You're part of a very successful growing software company. As you approach the office one morning, fire trucks out front indicate that this is not business as usual. Fortunately, you have nightly off-site back-ups. Unfortunately, you'll need equipment, software, back-up recovery operations, and perhaps things can be back to normal in a few days with limited data loss. Or maybe you've noticed data problems creeping into your development repository ever since the recent round of layoffs. Or a hacker. Maybe there was a critical disk crash. Or maybe a new software release has introduced data inconsistency. There are many ways your development assets can be compromised. So you really need many avenues to secure them. Your CM and/or ALM suites are part of your development backbone - they must be up to the task of getting you back on your feet, the same day.
Pick-up-And-Drop Technology Transfer
The first question I might ask is do you have Pick-up-and-drop technology transfer. Can you take your product and drop it into a new site? Whether it's disaster recovery or a company merger, you should have this capability. Where are your development assets? Scattered across developer desktops? Scattered across servers? Scattered across multiple sites?
Your development assets include everything from product inception to customer tracking. These are all critical to development. They do not start at the software design group and end in the verification group. They also include the tools and platforms required end-to-end - including your customizations. If you can easily pick-up-and-drop your product into a new project setting, you're sitting in pretty good shape.
Another measure of your situation is your backups. How complex is your backup process? Does it include information that rests on a developer's desktop (or notebook), and if not, what is your exposure here? Does design documentation sit on a developer's disk? What about work in progress - how easy is it to "shelf" it. Does your CM/ALM tool allow you to do consistent backups, or do you need a lot of post-recovery maintenance to get things back on track? Is your ALM suite spread across multiple servers? Where does the glue reside between components?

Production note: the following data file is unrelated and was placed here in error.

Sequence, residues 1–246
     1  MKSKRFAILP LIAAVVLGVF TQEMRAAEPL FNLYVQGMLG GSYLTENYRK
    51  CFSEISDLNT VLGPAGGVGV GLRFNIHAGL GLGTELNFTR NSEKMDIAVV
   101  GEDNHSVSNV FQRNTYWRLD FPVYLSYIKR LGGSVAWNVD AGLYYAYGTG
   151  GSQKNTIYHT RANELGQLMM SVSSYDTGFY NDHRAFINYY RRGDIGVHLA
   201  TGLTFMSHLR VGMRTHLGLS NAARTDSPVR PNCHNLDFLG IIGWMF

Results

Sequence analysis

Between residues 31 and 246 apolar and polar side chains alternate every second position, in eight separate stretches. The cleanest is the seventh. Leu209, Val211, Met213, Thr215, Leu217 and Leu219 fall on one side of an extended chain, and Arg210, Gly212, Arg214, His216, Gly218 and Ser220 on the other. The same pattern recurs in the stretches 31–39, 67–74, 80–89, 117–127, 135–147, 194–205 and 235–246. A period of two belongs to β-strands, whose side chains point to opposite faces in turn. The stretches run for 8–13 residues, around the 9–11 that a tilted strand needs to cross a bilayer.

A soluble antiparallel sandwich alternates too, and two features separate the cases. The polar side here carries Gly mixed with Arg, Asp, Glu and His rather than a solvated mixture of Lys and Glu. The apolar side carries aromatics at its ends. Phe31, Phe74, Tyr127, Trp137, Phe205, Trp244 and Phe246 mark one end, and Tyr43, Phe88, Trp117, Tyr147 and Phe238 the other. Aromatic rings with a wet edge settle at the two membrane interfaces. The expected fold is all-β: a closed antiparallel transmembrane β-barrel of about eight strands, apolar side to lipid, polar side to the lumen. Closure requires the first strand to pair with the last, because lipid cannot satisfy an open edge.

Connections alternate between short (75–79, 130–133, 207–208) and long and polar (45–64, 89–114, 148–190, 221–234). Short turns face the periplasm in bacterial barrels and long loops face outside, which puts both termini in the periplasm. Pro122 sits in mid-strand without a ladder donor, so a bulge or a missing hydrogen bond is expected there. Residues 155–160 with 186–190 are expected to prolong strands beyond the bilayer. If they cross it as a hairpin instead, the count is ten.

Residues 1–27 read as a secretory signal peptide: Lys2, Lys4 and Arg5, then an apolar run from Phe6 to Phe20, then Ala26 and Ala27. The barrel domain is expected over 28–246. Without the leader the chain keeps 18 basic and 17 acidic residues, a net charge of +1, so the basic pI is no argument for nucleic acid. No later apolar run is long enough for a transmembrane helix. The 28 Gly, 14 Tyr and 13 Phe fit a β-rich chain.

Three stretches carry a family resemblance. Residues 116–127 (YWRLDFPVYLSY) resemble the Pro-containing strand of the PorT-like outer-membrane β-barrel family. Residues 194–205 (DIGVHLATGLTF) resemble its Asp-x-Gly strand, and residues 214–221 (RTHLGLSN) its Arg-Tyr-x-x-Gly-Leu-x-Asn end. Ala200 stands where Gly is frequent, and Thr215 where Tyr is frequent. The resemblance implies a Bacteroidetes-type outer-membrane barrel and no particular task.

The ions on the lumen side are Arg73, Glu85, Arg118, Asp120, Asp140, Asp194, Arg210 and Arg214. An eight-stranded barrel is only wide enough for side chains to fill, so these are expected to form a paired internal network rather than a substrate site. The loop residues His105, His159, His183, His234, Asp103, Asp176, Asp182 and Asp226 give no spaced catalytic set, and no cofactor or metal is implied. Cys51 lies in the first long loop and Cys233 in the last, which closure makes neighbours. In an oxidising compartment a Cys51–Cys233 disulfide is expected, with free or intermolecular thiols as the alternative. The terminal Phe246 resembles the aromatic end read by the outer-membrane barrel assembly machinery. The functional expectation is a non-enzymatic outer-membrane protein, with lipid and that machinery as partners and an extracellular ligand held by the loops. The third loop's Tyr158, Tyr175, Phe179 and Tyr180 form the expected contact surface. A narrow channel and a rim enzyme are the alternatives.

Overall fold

If you run a multiple site development shop, does consistency extend across multiple sites? Can you easily relocate one site, or perform data recovery at one site, without disrupting the others?
Backups generally provide a way forward, a means of recovery. But still, precious time is lost in the recovery process. There are hardware solutions, such as RAID (disk arrays), and hybrid solutions such as disk mirroring. Some CM/ALM tools allow specific mirroring, of both source files and meta-data files. The advantage here is that a smaller portion of the disk (typically specific directories) requires mirroring, improving bandwidth and reducing disk space requirements. Another advantage is that the tools will typically allow you to recover quickly or even automatically from a disk outage.
Another means of recovery supported by some transaction-based tools is to replay the transactions processed since the last checkpoint/backup. If transactions are located on a different disk from the rest of the repository, this can add some redundancy to your backup strategy.
CM/ALM tools should not hiccup if there was a power outage in the middle of a critical operation. They should always recover gracefully. Any manual intervention required to recover will lead to productivity loss.
Data Sabotage - Checkpointing and Roll Forward
For any number of reasons, you may have someone manipulating your data illegally. Maybe they delete a pile of data. Or maybe they more subtly morph the data so that the problems are not noticed for weeks or even months. To deal with this, your CM/ALM tools need to be able to perform 3 basic tasks: checkpoint your repository (or in the worst case full backups); locate potential areas of data sabotage (or for that matter, a typo/inadvertent action that went unnoticed) and repair the errant transactions; roll the repaired transactions forward from the checkpoint.
Although it may seem that such a capability requires a heavyweight solution, these capabilities are not that difficult for CM/ALM to design into their tools from the start. CM+, for example, allows very lightweight checkpointing (a few seconds) and even automates this. Given a checkpoint, you can actually view the repository as it was at the time of the checkpoint, in parallel with your running system. After editing transactions and placing the checkpoint in place as the "current" checkpoint file,